that long. Check into some airport motel, hit the road early tomorrow morning—first, the short drive down the coast to Molena Point. Couple of hours, get in and out of the village nice and easy, not run into his sister. He sure didn't want to see Mavity now, she asked too many questions. She always had been too damned judgmental. Then head south for L.A., on 101. Long trip down and back, but that couldn't be helped if he wanted cash in his jeans—wanted cash in the bank, in big numbers. He didn't look forward to those megalane city freeways in southern California, he was too used to the slow, crowded streets of Panama and the narrow jungle roads.

When he'd gotten back to San Francisco and took care of business, he'd make one more quick trip to Molena Point without Mavity's knowing. Later on, though, he planned to spend some time in the village, and camp out at his sister's.

He'd waited a long time to make this sale and he wished the price was higher now. But the time was right, and his contact to the fence was available now—or would be when he got to L.A. Strange, Cage Jones in and out of prison all those years and leaving his half of the stash hidden like he did.

Well, Greeley thought, he had salted his own share away, too, while he was out of the country. But in a safer place. Sometimes, you had to trust a bank.

But Cage never did. Well, everyone to his own. Question was, where had Cage hidden it?

Greeley smiled. He'd find out; might take some time, but he had time.

Right now, the hard part was done. They'd both got their share into the country. Now, once he picked up Cage from prison, selling his own share would be a piece of cake.

Somewhere along the way he'd buy a car, maybe one of them old-fashioned-looking PT Cruisers; that old thirties
era look suited his sense of humor. He wasn't never no high roller to be buying some fancy convertible, he wasn't out to impress no one, and he liked doing things his own way.

Looking ahead, he could see the lights of the Bay Area now blazing out of the dark. Hell of a lot more lights spread out than you saw over Panama City. Propping his feet on his wrinkled leather duffle, Greeley settled into the feel of the big 757 cutting speed and dropping altitude. Soon felt the little bump as she let down her landing gear. Pilot's tinny voice over the loudspeaker said the city was sixty-five degrees and foggy, and that made him shiver. He wished this coast had warmer summers; here it was May and he doubted it would get much warmer except maybe a few scattered days in July. Pulling his coat around him, he settled deeper into his seat as the plane hauled back and touched down; deafened by the roar of the plane on the runway, then waiting to deplane, he went over his schedule again to make sure he hadn't missed anything.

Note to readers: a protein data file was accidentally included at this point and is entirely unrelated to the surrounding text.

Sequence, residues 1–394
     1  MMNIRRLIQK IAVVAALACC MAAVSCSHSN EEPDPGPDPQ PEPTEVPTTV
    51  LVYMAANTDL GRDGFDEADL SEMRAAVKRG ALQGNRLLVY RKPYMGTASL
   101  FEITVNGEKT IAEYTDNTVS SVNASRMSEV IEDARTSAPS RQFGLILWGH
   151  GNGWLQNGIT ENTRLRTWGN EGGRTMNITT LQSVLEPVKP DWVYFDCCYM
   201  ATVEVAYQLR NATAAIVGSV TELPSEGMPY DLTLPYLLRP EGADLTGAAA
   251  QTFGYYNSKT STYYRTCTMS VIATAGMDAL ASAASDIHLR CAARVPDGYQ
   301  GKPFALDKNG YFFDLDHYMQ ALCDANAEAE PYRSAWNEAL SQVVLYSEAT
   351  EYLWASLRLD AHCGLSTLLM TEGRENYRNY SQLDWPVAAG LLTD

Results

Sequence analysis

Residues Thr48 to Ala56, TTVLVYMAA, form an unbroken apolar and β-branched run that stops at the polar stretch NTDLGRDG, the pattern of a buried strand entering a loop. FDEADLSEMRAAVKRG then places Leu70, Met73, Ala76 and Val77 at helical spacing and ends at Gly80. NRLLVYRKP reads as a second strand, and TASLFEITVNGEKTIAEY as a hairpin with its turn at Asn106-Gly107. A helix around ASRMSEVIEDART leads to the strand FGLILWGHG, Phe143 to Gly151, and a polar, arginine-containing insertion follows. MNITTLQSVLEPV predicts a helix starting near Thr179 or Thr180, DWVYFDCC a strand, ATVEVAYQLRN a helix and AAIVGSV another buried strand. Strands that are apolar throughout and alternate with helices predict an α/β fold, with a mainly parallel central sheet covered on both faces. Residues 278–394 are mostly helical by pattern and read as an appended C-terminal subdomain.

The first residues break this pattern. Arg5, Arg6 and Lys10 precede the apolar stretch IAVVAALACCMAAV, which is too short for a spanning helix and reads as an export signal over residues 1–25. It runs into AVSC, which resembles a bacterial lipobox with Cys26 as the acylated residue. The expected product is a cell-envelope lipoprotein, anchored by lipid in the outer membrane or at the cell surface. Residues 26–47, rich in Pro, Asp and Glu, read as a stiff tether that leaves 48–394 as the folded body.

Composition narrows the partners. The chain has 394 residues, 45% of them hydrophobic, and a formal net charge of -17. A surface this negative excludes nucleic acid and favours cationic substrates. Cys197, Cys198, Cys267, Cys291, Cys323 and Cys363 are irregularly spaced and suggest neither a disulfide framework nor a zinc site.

The minute the door opened, everyone stood up and crowded into the aisle. Greeley stood, too, but didn't move out, picked up his leather duffle and set it on the seat beside him, watched them crowd out like a flock of brainless chickens.

The next days went smooth as glass; he'd missed nothing in his planning. When it was over and he had the cash, he headed down the coast in the rental car, for Molena Point; but again he didn't call his sister. He closed out his now empty safe-deposit box, and in three other village banks he opened modest checking accounts and new SD boxes, each in a new and different name for which he had obtained new IDs in the city. He filled the boxes with sealed envelopes containing bound packages of hundreds. Then he took himself back to the city for a little vacation. Nice but modest hotel room where he watched stateside TV, read the papers,
enjoyed room service. Didn't do no shopping, fancy clothes meant nothing. He'd buy a car later, in Molena Point, after he'd made his presence known to Mavity.

She wouldn't be happy to see him. She lived with three other women now. Strange thing to do, putting her bit of money from the condemnation sale of her marsh-side house into a fourth share of a house big enough for the four old women. The chicken feed she called her savings. Said she wanted to keep her independence, not go into a home. Well, he could understand that—but likely she'd gotten scammed somehow in that house deal and just didn't know it yet.

 

It was nearly a month later, in mid-July, that Greeley was ready to return to Molena Point and move in with his sister. He booked the short flight from SFO on a one-way ticket. He didn't call Mavity; she'd figure out some reason he couldn't stay there with her. He'd take a cab from the airport, give her a nice surprise.

At least the weather had turned hot; even on the coast it was up in the high nineties, hot as hell itself, just the way he liked it. On the short flight, and again as he swung into the cab outside the little peninsula airport, he thought about them two village cats. Them talking cats—he'd had his share of those snitches. Hoped they kept their distance, this time.

He sure didn't want them hanging around him, nosing into his business. Them cats saw too much. They got into too many places, always snooping, damn near as nosy as his sister. And talk about judgmental. Them Molena Point cats…Not judgmental like the black tom who used to run with him, who'd used to break into stores with him. Azrael'd been opinionated, all right, and he sure as hell said his piece.
But that black tom, he wasn't never hot for law and order.

That Joe Grey and his tabby friend, those two thought they were God's gift to law enforcement.

Somewhere he'd heard, maybe from his ex-wife, there was a third cat hanging around with them. Another snoop, you could bet. Well, he didn't want no truck with cats, no more than he did with cops. Just wanted to be left to his own affairs, thank you.

BOOK: Cat Pay the Devil
13.24Mb size Format: txt, pdf, ePub
ads